Foxglove

Introduction to Foxglove (Digitalis Purpurea)

In the millennia that mankind has been on earth, uncounted millions of people have died from heart ailments. One type of malfunction is now called congestive heart failure, but once it was called dropsy. Some, but not all, of the symptoms of this problem are: fatigue, edema of the abdomen, legs and ankles, inability to sleep, shortness of breath, increased urination and nausea.
foxgove definition
It is interesting that some medications are derived from plants that grow naturally in the environment. These medications can be called natural remedies, because they grow in nature and are also effective in treating ailments. One such plant is foxglove.

The foxglove plant is covered with large blossoms, often in shades of purple or pink. It is a beautiful plant that has some unusual characteristics, including being poisonous when it is eaten.

Foxglove is native to both western and eastern Europe, but it can now be found in all parts of the world. It grows in the wild, often in mountainous and forested areas and also along roadsides. While it grows in the wild, it is now also grown and harvested as a crop so it can be processed for medical purposes.

The History of Foxglove

Foxglove has been called by many different names in different times and at different places. Some of the more common names applied to foxglove include: deadmen’s bells, common foxglove, fairy’s glove, witch’s bell, purple foxglove, folk’s glove, virgin’s glove, bloody fingers and fairy’s caps. It can be noted that all of these names refer to the appearance, size, shape and color of the blossoms. People have long admired this plant because of its long, beautiful, purplish or pinkish bell-shaped blossoms that grow up and down long, slender stalks. The plants can be from three feet to six feet high. The fact that it is poisonous also tends to get people’s attention.

Modern medicine owes a great debt of gratitude to the early doctors and researchers who studied and learned the healing properties of so many herbal natural remedies, including foxglove. The first time that foxglove is mentioned in relation to being used as a medication was in the 13th century. It was first used and written about in Ireland and then later in Scotland. It was utilized in the attempt to treat a number of unrelated illnesses.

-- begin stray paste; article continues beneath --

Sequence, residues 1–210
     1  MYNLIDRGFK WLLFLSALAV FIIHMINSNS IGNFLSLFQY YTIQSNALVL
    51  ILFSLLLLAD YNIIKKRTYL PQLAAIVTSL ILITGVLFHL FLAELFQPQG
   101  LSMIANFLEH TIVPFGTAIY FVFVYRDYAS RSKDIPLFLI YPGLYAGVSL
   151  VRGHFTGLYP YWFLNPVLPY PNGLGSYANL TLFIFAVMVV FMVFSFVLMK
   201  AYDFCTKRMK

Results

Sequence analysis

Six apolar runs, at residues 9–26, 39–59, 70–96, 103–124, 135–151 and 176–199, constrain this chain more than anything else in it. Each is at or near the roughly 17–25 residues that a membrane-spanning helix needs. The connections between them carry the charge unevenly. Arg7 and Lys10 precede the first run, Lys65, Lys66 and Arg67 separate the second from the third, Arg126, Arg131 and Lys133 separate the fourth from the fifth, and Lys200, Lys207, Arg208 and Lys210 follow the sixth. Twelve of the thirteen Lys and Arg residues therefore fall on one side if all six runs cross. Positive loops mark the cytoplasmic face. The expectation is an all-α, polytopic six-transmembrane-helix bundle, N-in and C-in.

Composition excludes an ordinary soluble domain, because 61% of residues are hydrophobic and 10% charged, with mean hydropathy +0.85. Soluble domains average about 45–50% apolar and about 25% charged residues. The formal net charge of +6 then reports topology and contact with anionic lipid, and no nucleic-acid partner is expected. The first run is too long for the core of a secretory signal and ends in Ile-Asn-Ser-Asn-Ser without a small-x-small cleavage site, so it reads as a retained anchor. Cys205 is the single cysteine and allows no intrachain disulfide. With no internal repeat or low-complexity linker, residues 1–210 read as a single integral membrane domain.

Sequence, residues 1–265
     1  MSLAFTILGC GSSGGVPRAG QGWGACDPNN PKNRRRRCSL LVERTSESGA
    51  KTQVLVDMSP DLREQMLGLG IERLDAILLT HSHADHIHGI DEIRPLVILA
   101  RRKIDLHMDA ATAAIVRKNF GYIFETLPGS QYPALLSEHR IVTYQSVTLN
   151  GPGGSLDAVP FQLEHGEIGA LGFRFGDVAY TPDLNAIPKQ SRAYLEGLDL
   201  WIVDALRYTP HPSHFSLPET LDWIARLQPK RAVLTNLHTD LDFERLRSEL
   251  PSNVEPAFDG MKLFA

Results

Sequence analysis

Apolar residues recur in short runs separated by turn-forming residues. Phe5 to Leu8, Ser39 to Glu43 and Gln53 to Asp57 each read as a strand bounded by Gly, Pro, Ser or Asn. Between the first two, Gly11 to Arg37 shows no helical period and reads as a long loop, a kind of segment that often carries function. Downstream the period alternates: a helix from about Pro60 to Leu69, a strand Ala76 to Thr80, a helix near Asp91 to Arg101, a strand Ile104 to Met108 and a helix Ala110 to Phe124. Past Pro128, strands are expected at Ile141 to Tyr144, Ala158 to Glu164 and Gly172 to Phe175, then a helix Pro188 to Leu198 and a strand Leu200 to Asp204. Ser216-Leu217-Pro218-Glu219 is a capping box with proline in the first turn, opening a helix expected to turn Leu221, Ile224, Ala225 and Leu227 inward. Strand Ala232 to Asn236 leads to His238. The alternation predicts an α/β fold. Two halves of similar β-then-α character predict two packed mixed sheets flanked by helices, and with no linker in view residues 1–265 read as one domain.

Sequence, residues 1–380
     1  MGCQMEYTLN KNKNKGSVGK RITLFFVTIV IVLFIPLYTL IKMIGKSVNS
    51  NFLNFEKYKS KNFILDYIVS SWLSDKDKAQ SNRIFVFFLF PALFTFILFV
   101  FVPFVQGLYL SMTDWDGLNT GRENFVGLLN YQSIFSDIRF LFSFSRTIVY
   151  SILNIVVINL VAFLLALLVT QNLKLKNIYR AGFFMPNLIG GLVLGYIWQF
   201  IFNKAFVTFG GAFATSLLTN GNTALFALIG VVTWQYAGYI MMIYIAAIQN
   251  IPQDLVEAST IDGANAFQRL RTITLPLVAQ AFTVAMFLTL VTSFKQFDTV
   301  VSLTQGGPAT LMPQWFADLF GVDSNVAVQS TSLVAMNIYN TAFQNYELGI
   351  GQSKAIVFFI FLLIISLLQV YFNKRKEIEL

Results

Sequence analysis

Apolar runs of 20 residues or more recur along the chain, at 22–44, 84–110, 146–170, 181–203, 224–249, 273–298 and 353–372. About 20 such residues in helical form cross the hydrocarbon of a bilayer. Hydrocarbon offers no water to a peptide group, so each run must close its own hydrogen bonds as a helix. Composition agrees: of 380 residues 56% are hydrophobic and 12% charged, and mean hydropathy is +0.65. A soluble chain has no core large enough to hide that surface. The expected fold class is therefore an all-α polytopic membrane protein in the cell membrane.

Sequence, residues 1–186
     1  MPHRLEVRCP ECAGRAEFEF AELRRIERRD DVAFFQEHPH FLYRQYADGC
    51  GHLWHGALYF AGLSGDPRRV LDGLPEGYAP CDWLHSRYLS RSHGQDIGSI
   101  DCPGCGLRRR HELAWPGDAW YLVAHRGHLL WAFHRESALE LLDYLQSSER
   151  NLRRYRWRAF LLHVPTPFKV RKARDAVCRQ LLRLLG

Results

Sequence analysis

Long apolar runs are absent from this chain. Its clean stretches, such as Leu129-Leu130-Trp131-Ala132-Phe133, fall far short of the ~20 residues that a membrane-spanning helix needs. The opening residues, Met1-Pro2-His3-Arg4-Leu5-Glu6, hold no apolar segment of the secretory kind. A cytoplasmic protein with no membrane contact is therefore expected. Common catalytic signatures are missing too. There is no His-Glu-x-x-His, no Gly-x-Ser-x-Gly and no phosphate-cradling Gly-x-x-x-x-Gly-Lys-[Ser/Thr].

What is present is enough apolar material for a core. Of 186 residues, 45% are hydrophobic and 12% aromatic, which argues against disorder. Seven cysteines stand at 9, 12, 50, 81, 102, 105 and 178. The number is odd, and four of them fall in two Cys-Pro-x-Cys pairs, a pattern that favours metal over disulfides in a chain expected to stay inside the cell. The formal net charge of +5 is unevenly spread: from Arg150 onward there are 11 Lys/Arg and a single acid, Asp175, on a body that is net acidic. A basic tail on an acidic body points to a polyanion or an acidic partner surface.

The credit for developing foxglove into an effective medication goes to Dr. William Withering. He was a British physician, who lived from 1741 to 1799. Dr. Withering became aware that people were using foxglove to treat what was then called dropsy and that it was an effective treatment for that condition. No one understood the “why” of the healing properties of this plant, so he made it his life’s work to discover why it worked and how to use foxglove more effectively. In 1785, he published his findings.

Dr. Withering discovered digitalis, an active ingredient in foxglove. After isolating and identifying this substance, he continued to study and learn the properties of this medication that has been such a boon to mankind. On a personal note, Dr. Withering was a genuinely good man. Each year, he treated 2000 to 3000 poor patients who could not afford to pay him. This limited his income to about 1000 British pounds per year, while his peers were earning about 5000 British pounds per year. After years of suffering from tuberculosis, he died in 1799 at the age of 58.

Myths that Relate to Foxglove

Foxglove has been associated with magic and mystery for centuries. Perhaps the fact that even though it is the source of a powerful, beneficial medication, it is also highly poisonous when eaten is a reason for the interest shown in it. One legend says that fairies used to give the blossoms to foxes to use as gloves.

This enabled them to move quietly, so they would not be caught stealing a farmer’s chickens. Connecting the foxglove flowers and foxes made sense, because foxgloves grow on the forested hillsides where foxes have their dens. Another story says that medieval witches cultivated foxglove to use as an ingredient in potions created to cast spells on people. These plants were sometimes grown in medieval gardens and dedicated to the Virgin Mary. Those were appropriately called “virgin’s glove.” Even today, some who practice paganism and similar religions use foxglove in some rituals.

Digitalis, Called Digoxin, Is Extracted from Foxglove

Digitalis, more often called digoxin, is a purified cardiac glycoside used to treat a variety of heart conditions, including: atrial fibrillation, atrial flutter and sometimes even heart failure. It can be effective when other medications are not. Lanoxin, Digitek and Lanoxicaps are names under which digoxin is commonly marketed.